Works Progress Wish List
We’ve spent the last month getting settled into our new space at 734 E. Lake Street, above Roberts Shoe Store. We’ve been opening our doors each Friday for a weekly happy-hour gathering. This picture was taken from the rooftop patio, where it’s currently too cold for hanging out, but just wait until spring!
In the meantime, there are still a few things we’re looking for:
- Water Dispenser
- Potted Plants
- A Coat Rack
- Office Supplies
- Folding Chairs
If you or anyone you know has any of these items to donate, or any idea where we can find them on the cheap, please let us know!
You can reach us at hello at worksprogress dot org
Works Progress Happy Hour
UPDATE: WE’VE MOVED! WPHH DISCONTINUED UNTIL FURTHER NOTICE
To celebrate our new home in the Robert’s Shoes building at Lake & Chicago, we’re hosting a weekly happy hour on Fridays from 4 to 6pm. Stop by anytime for a cup of coffee, tea, wine or beer. Learn what we’ve been up to, relax, brainstorm or share your ideas, meet and chat with other creative people, or just browse our growing library of books and resources.
Works Progress Happy Hour
Every Friday from 4 to 6pm
734 East Lake Street, Suite 208
Minneapolis, Minnesota 55407
Important note: The buzzer is on the Chicago Avenue side of the building. Press # and then 09 to ring Suite 208 (a directory on the window will tell you the same) and we’ll buzz you in. Or call Colin at (612) 839-0810 if that’s giving you trouble. You never know who else might be there! We’ve been doing this for a couple of weeks now and some great connections have already been made. Please direct any questions to hello[at]worksprogress[dot]org. Looking forward to seeing you! Colin Kloecker & Shanai Matteson
Law of Two Feet
I’m Regan Smith, the new Project Assistant for Works Progress. I’ll be working here part-time helping out with communications and program-based work. In my non-Works Progress life I’m a freelance writer and the Co-Founder and Editorial Director of Paper Darts, a Minneapolis-based literary and arts magazine. If you have a pressing need to know more about me, please feel free to check out my half-finished personal website, follow me on twitter @regglandsbest, or send me an email at regan(at)worksprogress.org. Neat!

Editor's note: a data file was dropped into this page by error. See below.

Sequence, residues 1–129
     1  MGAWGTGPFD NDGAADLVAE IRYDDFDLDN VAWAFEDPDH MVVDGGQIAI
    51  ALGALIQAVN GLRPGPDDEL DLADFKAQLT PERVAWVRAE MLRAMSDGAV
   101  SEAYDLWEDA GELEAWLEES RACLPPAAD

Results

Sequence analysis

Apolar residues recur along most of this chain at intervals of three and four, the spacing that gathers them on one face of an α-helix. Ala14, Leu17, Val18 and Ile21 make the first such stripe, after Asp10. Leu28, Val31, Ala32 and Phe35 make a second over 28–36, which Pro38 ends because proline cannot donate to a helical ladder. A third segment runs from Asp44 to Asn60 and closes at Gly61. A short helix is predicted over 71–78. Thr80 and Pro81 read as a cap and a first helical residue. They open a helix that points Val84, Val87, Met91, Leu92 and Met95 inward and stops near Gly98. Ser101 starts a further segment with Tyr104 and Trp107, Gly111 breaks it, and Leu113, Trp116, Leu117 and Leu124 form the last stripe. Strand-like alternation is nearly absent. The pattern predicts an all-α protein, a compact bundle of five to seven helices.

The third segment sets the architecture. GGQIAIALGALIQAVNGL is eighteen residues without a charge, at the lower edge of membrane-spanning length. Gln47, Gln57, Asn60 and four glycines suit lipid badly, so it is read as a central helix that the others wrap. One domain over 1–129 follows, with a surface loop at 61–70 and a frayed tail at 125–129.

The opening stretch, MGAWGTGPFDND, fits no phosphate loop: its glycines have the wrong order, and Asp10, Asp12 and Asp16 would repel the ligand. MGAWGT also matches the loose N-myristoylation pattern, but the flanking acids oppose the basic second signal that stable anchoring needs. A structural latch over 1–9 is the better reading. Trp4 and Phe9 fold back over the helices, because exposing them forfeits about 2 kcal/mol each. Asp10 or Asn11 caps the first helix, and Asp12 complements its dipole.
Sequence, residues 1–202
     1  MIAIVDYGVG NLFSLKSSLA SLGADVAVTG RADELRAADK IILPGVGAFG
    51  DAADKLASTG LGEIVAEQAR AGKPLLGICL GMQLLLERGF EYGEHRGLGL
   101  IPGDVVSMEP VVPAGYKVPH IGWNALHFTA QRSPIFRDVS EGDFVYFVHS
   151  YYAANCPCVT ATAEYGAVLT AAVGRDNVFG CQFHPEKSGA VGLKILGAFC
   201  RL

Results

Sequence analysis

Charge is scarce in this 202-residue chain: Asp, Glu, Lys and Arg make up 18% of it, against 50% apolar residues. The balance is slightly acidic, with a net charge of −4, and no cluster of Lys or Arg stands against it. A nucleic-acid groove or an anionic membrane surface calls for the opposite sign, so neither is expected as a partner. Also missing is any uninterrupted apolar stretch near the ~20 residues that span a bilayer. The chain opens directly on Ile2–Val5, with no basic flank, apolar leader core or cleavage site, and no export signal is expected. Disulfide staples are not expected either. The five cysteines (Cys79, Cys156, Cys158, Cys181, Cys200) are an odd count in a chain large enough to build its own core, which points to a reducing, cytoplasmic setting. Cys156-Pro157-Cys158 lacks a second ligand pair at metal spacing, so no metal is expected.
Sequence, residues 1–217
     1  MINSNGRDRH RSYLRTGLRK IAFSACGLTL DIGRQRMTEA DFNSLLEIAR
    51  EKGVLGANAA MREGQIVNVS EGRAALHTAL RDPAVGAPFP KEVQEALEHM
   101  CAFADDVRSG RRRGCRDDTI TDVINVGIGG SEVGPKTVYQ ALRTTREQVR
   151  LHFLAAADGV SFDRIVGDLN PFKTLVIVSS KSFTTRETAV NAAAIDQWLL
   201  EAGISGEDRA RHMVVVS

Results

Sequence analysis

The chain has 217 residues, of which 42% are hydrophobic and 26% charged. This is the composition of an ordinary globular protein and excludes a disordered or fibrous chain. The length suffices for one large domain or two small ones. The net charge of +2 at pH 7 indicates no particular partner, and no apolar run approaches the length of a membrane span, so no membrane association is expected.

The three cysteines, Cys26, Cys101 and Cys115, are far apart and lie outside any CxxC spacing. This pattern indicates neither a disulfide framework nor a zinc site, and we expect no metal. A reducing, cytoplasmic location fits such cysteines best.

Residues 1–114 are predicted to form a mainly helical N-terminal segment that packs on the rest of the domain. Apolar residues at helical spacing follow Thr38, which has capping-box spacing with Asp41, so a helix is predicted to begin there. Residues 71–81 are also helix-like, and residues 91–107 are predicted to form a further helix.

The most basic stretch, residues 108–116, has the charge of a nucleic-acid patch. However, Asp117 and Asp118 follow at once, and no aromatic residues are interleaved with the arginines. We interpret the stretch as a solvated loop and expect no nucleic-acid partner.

In a futile effort to catch up 1/100th of the way to the Works Progress genius, I’ve been doing a lot of reading from some of Shanai and Colin’s favorite books. Though I’m generally not one for inspirational quotes (except for obvious classics like “Live. Laugh. Love.” and “Dance like nobody’s watching.”), the text that really resonated with me and seemed most apt for this post is from Harrison Owen’s Wave Rider: Leadership for High Performance in a Self-Organizing World.
“It is a common experience, shared by all of us, that when we encounter situations where we are neither learning nor contributing, we leave—if not physically then mentally and emotionally. It might appear that sitting in the corner inert is the proper thing to do, but our continued (physical) presence is rarely if ever inert. We impact the conversation, and usually in a negative fashion. Our bored, frustrated demeanor spews negative energy over the entire affair.
Much better that we actually allow our feet to follow our hearts and minds and just leave.”
As someone who recently quit my secure full-time job to pursue a relatively unstable creative professional life (freelancing, yo), this quote hit home. Much more than simply being a less cheeseball way of saying “follow your dreams,” the Law of Two Feet touches on something I think very few of us take into consideration before a major life change. When trying to decide whether to quit an unfulfilling job or time-consuming creative project, most of our thinking goes into how our current situation affects us—it’s draining, stressful, dissatisfying, management sucks, etc. But rarely do we consider how our feelings about our current situation affect those we’re working with, and even more rarely do we let that factor into our decision to stay or go.
Making a major career shift is usually complicated and always really effing scary, there’s no two ways about it. But maybe if we focus more on the negative ramifications—both for ourselves and for those around us—of staying in our current situation and less on the fear of the unknown if we leave, we’d all be a little bit more inclined to take a chance and make positive changes in our lives.